The Sound of One Hand: Paintings and Calligraphy by Zen Master Hakuin

Pavilion for Japanese Art, East Wing, Levels 1–3
May 22, 2011–August 14, 2011
Image

Part 1: May 22–June 28, 2011
Part 2: July 1, 2011–August 14, 2011
The exhibition will be closed Thursday, June 30, 2011.

 

 

Hakuin Ekaku (1685-1768) is widely acknowledged as the most important Zen Buddhist master of the past 500 years. He was also the most influential Zen artist of Edo-period (1615-1868) Japan, but unlike the highly studied monk painters of earlier centuries, he received no formal artistic training beyond the basic skills in handling brush, ink, and paper that were required for everyday writing.

Hakuin’s self-taught, spontaneous, yet masterly and inspired painting and calligraphy, just like his teachings and writings, expressed the mind and heart of Zen for monks and lay followers alike. With the aim of reaching out to people of all social and economic classes, rather than just the élite, he invented a new visual language for his religion, depicting everyday subjects and themes from other Buddhist sects, as well as Zen patriarchs and masters.

For this first exhibition in the West devoted to Hakuin, nearly 80 of his scrolls will be gathered from collections in the United States and Japan. Organized in collaboration with New Orleans Museum of Art, and curated by Audrey Yoshiko Seo and Professor Stephen Addiss. The Los Angeles presentation is made possible by LACMA’s East Asian Art Council.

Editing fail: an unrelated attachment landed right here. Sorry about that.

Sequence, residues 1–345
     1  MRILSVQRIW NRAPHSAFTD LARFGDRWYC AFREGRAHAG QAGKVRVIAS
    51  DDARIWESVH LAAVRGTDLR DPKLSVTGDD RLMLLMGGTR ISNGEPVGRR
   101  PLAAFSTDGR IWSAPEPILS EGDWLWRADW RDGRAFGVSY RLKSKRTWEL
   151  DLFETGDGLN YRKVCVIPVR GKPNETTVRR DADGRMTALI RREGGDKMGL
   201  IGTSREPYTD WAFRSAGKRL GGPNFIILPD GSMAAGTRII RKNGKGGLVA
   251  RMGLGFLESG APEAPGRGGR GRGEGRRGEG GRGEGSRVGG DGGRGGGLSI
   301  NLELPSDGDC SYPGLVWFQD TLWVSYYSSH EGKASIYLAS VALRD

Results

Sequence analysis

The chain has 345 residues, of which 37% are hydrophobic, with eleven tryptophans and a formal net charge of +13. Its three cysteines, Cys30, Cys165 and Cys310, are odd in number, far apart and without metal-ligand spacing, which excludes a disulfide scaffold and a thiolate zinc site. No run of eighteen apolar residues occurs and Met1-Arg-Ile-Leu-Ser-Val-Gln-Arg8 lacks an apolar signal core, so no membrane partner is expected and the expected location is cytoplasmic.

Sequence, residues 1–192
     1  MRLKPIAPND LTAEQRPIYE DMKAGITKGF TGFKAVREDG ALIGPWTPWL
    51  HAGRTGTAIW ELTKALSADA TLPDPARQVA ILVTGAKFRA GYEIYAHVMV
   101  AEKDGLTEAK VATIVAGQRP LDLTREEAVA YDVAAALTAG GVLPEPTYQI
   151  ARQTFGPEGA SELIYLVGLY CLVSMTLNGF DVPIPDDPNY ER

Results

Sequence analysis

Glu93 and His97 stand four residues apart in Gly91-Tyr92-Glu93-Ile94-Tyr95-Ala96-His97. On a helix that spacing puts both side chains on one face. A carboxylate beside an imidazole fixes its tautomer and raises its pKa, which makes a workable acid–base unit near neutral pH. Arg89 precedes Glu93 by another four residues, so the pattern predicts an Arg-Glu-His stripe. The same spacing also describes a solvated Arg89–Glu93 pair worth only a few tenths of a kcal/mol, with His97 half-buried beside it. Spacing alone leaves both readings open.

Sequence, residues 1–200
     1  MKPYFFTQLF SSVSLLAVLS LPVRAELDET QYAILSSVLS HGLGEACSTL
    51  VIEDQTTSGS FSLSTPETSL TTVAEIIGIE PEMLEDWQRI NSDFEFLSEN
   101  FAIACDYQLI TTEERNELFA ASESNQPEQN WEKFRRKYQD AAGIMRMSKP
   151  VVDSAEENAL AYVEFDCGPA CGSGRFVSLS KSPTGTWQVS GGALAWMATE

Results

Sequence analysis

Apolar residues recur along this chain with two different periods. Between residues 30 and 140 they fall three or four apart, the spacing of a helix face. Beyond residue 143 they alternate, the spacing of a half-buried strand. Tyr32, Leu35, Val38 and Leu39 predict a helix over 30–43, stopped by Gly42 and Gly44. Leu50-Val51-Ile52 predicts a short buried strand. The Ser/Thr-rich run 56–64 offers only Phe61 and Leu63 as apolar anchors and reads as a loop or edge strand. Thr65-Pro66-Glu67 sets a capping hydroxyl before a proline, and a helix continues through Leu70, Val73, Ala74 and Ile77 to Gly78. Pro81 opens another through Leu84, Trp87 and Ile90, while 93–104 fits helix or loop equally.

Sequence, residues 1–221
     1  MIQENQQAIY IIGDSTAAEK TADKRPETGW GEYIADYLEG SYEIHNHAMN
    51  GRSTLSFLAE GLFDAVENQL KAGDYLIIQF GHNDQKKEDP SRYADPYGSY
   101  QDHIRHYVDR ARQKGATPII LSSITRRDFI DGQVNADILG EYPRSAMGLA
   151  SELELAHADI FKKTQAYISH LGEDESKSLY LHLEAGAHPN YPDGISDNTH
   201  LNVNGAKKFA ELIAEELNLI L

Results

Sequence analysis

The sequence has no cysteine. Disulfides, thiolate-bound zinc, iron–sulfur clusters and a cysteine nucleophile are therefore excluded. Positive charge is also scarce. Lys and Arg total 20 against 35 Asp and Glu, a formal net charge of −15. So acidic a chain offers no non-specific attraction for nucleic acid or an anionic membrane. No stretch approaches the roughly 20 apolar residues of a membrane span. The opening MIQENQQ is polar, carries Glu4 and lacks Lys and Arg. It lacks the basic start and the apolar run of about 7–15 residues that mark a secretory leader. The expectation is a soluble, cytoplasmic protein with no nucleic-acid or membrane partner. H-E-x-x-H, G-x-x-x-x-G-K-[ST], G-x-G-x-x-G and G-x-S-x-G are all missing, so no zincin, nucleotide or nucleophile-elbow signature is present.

The Sound of One Hand: Paintings and Calligraphy by Zen Master Hakuin is organized by the New Orleans Museum of Art

The Los Angeles presentation is made possible by LACMA's East Asian Art Council.

Image: Hakuin Ekaku, Japan, 1685 1769, Daruma, 18th century, Hanging scroll; ink on paper, Image: 44 1/2 x 19 3/4 in. (113.03 x 50.17 cm); Mount: 77 3/4 x 25 in. (197.49 x 63.5 cm), Gift of Murray Smith. M.91.220.

Tea Bowl
Hakuin Ekaku
18th century
Hotei Meditating
Hakuin Ekaku
18th century
Monju
Hakuin Ekaku
18th century
Seated Daruma, Seen from the Side
Hakuin Ekaku
18th century

The Sound of One Hand: Paintings and Calligraphy by Zen Master Hakuin

LACMA's Curator of Japanese Art, Robert Singer, discusses the exhibition.

Hakuin and the Zen Koan

Well, monk, what a surprise-have you come to do zazen today?“ “Yup.” …so reads the inscription on this painting by Japanese Zen master Hakuin Ekaku, currently on view in the exhibition The Sound of One Hand: Paintings and Calligraphy by Zen Master Hakuin. Seated meditation or zazen in Japanese, is a key part of Zen Buddhist practice...

The Expressive Brush

As 2010 closes out this weekend, so too does one exhibition—Eye for the Sensual. It’s last day is January 2, so this weekend will be your last chance to see these beautiful works of European art from the seventeenth and eighteenth centuries. While you’re here you can also see Olmec: Colossal Masterworks of Ancient Mexico, which LA Times critic Christopher Knight named one his ten favorite exhibitions of the year...

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